HRIC August Take Action
Say "No" to Forced Evictions
DATE: August 1, 2008
As the Chinese government welcomes athletes and spectators from around the world to Beijing, beautified with a staggering sum of $42 billion, the city is also leaving behind a trail of wrecked homes and evicted residents with inadequate or no compensation for their lost properties.
This month, Human Rights in China highlights the case of 76-year old Shuang Shuying (双淑英). (http://www.ir2008.org) Shuang, an evictions petitioner, house church activist, and outspoken opponent of the Reeducation-Through-Labor (RTL) system, is currently serving a two-year term as the oldest inmate in Beijing Women's Prison for "intentional damage of public and private property."
In 2002, Shuang saw her home in Beijing demolished to make way for Olympics redevelopment. Having to relocate eight times since, she and her family are among the estimated 3.7 million people who have been forcibly evicted throughout China in the past decade for the sake of development. When she petitioned the government for compensation, she was beaten and detained. As she languishes in prison after protesting her son's detention, her family has suffered repeated harassment. Most recently, on July 2, 2008, her 88-year-old husband, Hua Zaichen, and other family members were tossed out of their home after police forced open their door with an 18 pound iron. In a letter to Human Rights in China, Hua said,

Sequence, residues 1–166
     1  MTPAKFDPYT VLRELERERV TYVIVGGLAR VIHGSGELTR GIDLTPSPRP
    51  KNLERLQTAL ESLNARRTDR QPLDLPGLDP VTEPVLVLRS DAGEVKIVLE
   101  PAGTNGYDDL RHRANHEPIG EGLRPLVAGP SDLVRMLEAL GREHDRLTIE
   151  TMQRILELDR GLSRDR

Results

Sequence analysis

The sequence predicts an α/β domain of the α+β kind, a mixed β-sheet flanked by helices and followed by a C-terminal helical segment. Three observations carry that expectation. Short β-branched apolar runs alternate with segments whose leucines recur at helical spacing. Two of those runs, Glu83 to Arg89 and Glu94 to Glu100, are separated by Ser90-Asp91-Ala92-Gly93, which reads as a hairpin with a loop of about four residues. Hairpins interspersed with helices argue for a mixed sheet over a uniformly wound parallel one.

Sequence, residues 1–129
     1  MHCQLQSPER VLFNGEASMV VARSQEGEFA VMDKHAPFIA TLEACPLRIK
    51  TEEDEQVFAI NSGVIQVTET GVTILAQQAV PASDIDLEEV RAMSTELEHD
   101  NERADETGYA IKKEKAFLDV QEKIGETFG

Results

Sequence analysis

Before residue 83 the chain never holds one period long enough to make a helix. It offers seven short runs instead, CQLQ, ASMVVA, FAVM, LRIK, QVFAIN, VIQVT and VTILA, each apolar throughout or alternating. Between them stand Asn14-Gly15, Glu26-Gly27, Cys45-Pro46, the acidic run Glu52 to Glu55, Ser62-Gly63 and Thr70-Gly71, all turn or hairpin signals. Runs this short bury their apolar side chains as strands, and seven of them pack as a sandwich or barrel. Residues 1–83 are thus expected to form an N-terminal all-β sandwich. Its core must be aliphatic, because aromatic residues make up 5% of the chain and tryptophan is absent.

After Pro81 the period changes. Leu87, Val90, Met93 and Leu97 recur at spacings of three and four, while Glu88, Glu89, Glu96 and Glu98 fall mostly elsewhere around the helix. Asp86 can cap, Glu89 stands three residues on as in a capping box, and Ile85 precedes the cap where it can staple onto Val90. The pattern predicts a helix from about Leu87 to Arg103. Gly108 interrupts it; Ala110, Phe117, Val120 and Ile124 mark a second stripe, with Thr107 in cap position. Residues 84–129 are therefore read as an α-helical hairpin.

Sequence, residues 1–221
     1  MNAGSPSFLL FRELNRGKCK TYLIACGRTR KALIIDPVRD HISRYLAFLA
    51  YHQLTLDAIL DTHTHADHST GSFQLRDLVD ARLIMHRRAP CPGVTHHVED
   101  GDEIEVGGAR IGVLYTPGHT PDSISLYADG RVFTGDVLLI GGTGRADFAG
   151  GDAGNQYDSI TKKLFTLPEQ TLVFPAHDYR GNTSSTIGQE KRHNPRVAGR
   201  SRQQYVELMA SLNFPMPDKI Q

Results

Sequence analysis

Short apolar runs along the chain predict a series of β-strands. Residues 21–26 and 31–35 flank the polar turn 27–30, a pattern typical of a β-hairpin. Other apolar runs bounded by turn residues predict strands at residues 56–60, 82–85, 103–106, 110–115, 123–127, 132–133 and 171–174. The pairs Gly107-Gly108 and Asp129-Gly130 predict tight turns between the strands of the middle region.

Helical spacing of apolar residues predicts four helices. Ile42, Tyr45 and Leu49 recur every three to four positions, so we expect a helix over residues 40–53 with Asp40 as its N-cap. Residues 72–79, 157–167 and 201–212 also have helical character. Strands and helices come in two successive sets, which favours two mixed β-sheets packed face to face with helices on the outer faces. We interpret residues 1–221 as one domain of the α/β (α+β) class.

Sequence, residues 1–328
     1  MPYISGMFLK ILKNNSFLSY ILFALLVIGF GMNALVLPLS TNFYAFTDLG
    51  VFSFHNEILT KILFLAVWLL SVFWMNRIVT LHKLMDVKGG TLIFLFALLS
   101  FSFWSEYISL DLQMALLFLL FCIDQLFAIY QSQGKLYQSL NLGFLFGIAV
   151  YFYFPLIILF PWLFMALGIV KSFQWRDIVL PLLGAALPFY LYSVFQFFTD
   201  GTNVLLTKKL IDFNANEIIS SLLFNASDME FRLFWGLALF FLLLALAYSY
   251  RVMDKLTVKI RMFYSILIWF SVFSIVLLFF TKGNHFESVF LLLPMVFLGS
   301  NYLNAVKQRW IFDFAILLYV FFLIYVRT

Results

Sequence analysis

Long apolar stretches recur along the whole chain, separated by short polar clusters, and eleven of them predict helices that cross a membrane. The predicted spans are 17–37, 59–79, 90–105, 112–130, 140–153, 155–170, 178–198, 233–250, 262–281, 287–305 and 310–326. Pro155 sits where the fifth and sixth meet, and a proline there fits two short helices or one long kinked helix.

Human Rights in China's online resources relating to Shuang's case include her full profile, information about evictions in China, petitioners in China, and ideas about what you can do.
In the Incorporating Responsibility 2008 Olympics Campaign (http://www.ir2008.org), Human Rights in China has critically addressed some of the human rights challenges that governments, corporations, and other members of the international community need to engage more effectively.
Over the past eight months, Human Rights in China has highlighted the following cases and the human rights challenges related to their detentions:
About Human Rights in China
Founded by Chinese students and scholars in March 1989, Human Rights in China (HRIC) is an international, Chinese, non-governmental organization with a mission to promote international human rights and advance the institutional protection of these rights in the People's Republic of China.
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